My Heart Was Over There with you and I Was Here: Exploring the Immigration Narratives of Families Separated During the Course of Migration
- Author(s): Lopez, Monica Elizabeth
- Advisor(s): Organista, Kurt C.
- Suarez-Orozco, Carola
- et al.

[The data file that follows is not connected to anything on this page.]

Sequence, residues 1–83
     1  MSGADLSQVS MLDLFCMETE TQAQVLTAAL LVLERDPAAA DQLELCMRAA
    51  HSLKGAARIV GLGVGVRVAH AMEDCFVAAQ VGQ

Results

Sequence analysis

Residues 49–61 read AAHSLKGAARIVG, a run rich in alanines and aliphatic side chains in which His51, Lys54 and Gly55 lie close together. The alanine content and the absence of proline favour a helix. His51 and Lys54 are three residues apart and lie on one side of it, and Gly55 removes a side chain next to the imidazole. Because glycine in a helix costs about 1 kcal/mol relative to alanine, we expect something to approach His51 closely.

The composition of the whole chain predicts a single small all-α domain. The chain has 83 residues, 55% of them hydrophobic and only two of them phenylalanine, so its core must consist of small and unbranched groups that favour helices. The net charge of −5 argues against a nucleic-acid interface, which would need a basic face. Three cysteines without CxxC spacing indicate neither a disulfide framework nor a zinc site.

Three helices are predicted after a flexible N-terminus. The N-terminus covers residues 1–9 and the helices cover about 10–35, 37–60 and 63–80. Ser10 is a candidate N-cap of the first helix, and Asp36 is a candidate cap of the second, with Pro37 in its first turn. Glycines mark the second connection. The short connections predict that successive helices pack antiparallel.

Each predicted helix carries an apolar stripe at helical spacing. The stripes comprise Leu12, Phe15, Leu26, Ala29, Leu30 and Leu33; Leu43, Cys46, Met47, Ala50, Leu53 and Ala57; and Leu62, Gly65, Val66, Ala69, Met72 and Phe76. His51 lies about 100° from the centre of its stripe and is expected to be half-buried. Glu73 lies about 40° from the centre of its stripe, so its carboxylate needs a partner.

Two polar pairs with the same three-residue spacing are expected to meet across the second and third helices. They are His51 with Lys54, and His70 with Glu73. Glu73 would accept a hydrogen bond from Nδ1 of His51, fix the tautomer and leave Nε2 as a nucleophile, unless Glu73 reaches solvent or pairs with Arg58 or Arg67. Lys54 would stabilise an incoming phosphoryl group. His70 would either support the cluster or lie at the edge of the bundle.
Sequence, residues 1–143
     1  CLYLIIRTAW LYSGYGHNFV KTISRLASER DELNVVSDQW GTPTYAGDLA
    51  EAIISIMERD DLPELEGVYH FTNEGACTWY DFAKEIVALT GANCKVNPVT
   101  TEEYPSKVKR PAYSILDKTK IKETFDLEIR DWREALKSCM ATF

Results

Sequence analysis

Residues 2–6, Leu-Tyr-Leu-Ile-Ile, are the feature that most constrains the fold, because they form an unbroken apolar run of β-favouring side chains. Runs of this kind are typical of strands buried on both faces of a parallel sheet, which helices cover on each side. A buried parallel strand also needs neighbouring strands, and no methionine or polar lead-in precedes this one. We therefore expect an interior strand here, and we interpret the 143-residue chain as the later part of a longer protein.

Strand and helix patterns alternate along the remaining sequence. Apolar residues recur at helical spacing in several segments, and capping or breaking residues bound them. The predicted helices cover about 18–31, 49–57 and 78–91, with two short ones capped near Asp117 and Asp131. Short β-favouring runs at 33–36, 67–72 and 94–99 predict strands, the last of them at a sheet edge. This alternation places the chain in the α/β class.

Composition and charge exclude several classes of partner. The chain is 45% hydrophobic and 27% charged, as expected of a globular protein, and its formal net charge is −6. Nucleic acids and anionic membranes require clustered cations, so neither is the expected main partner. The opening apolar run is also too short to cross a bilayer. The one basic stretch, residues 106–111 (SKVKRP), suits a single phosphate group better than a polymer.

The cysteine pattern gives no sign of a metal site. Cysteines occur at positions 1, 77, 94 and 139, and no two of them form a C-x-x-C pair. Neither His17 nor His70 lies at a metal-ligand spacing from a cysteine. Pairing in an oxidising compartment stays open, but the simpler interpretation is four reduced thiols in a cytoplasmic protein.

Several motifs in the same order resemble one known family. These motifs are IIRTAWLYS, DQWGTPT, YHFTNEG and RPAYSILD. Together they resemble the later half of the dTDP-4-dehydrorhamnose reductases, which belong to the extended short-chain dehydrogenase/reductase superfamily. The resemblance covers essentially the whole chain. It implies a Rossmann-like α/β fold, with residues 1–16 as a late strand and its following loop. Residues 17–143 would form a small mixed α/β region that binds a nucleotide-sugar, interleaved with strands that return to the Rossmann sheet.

This study explores the immigration-related family separation and reunification experiences of 7 Mexican and Central American families. The data collection methods included participant observation and in-depth interviews with teenagers and their mothers. The study also incorporated longitudinal data collected on participants as part of the Longitudinal Immigrant Student Adaptation study (LISA). These longitudinal data included participant observation notes, semi-structured interviews with children and their parents, and schooling outcome data. Data were synthesized to create 7 detailed case studies that bring to life the experiences of immigrant families as they manage complex reunifications during a span that averages 8 years. While reunifications posed a number of challenges for all families, many families were able to manage these events over time. For some families, however, the challenges posed by difficult reunifications were insurmountable and resulted in strained mother-child relationships and maladaptive behaviors in children. The use of case study methodology allowed the inclusion of contextual factors generally overlooked in studies on immigration-related family separations and were found to have a significant impact on how these events are experienced. The longitudinal perspective highlighted the importance of examining reunification processes over time as reunification outcomes can change over the course of time as families adjust to these events and to their host environment. Furthermore, by exploring these events both contextually and longitudinally, this study addresses existing gaps in the literature and moves beyond current frameworks.